Cairo’s a big place and of course it’s not logical or possible to memorize every street, so until robots replace humans (soon hopefully!), this seems an appropriate strategy.

I don’t think other questions are as welcome in the midst of the daily commutes…but one day, in addition to the game involving making the fastest car stop, I want to ask something like the above title.

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Didn’t understand and wouldn’t like it if I did

I saw a movie, “ِAn Ant’s Cry,” tonight. The experience was costly in a lot of ways…money, time, broken expectations. The group met outside of the Grand Hyatt Hotel, in the middle of an unfamiliar district that was in a wasteland of hospitals and other hotels along the Cornish of the Nile. I though it a random place to meet for a movie unless, of course, the milkshake shop we planned to visit beforehand was close by. It turns out both were about a twenty minute walk away, but we were not informed of the distance beforehand, so it seemed we were walking down the middle of the street, cars zooming past us, heading towards an undetermined destination for an infinite amount of time.

We reach the movie theater and it turns out there’s not enough time to get milkshakes before the movie starts. At any rate, tickets are purchased and then comes the best part of the night: the popcorn. Oh it was quite salty and delicious and gone within 3 minutes.  It was just the thing a weary traveler needs after a trek along the dusty streets of Cairo.

The usher shows us our seats in the movie theater, a baby sits directly behind me, and the movie begins. At this point, I saw the movie as a barrier between me and my milkshake. The movie finally ended after an hour and a half of blaring music and shouting that was less than half-understood. We were rewarded for our patience with milkshakes, which were large and relatively delicious.

So I guess the story has a satisfactory ending, despite the fact I made a critical error tonight when I said “I just want to try you” instead of “I just want to try it” regarding a dessert one of our friends had invited us to enjoy. Ooops. Pronouns are hard to get right sometimes.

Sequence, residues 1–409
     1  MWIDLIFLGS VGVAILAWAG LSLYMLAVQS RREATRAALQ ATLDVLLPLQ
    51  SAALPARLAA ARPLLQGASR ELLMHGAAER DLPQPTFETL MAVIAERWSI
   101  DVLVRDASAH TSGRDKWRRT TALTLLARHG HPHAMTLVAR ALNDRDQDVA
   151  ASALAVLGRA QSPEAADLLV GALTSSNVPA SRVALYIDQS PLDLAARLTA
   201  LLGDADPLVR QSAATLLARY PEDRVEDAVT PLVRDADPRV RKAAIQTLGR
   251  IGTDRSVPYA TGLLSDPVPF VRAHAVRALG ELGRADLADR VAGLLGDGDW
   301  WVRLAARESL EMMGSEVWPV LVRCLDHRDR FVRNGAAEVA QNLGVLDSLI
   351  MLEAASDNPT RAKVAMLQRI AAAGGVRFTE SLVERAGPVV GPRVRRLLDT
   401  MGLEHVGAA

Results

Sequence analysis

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Sitting on the dock of the bay and by that I mean houseboat on the Nile

View from a houseboat of other houseboats

One of the first things they tell you when you come to Cairo is to stay away from the Nile. Though it may look beautiful and refreshing especially in the summer heat, it is actually full of things that can and will kill you, like crocodiles and various diseases and bacteria mutated by pollution.

And yet, the river is still fun to float on (as long as you don’t touch it), either in boats, yachts, cruise ships, or house boats. One of my friends is currently living in a houseboat, and ever since I heard he was doing something ridiculous like that I had the urge to see what life is like out on the river.

Today we went over to his place to study, and I finally got to experience the buoyant life. The taxi dropped us off on the side of the road, and we went through a fence shaded by leafy trees and just down the slope there lay a row of houseboats….and they looked exactly like they sound: floating houses with little bridges to them from the shore.

We enter his houseboat and immediately feel a world away from all the exhaust, noise, and traffic of Cairo. The best part about it, of course, was the balcony that overlooks the Nile and provides a lovely view as well of all the balconies of his neighbors. So we sat on the balcony and watched the water and counted the empty containers we saw float by and felt the occasional wave from a passing boat blaring Arab pop music. I watched his neighbors as well—it’s hard to prevent that kind of thing since they were just right there about 15 feet from us. But I found the river life swell indeed.

I was also interested to know how waste disposal worked, but as far as I could determine, the toilet is completely functioning and probably doesn’t flush directly into the Nile. But I can’t be certain.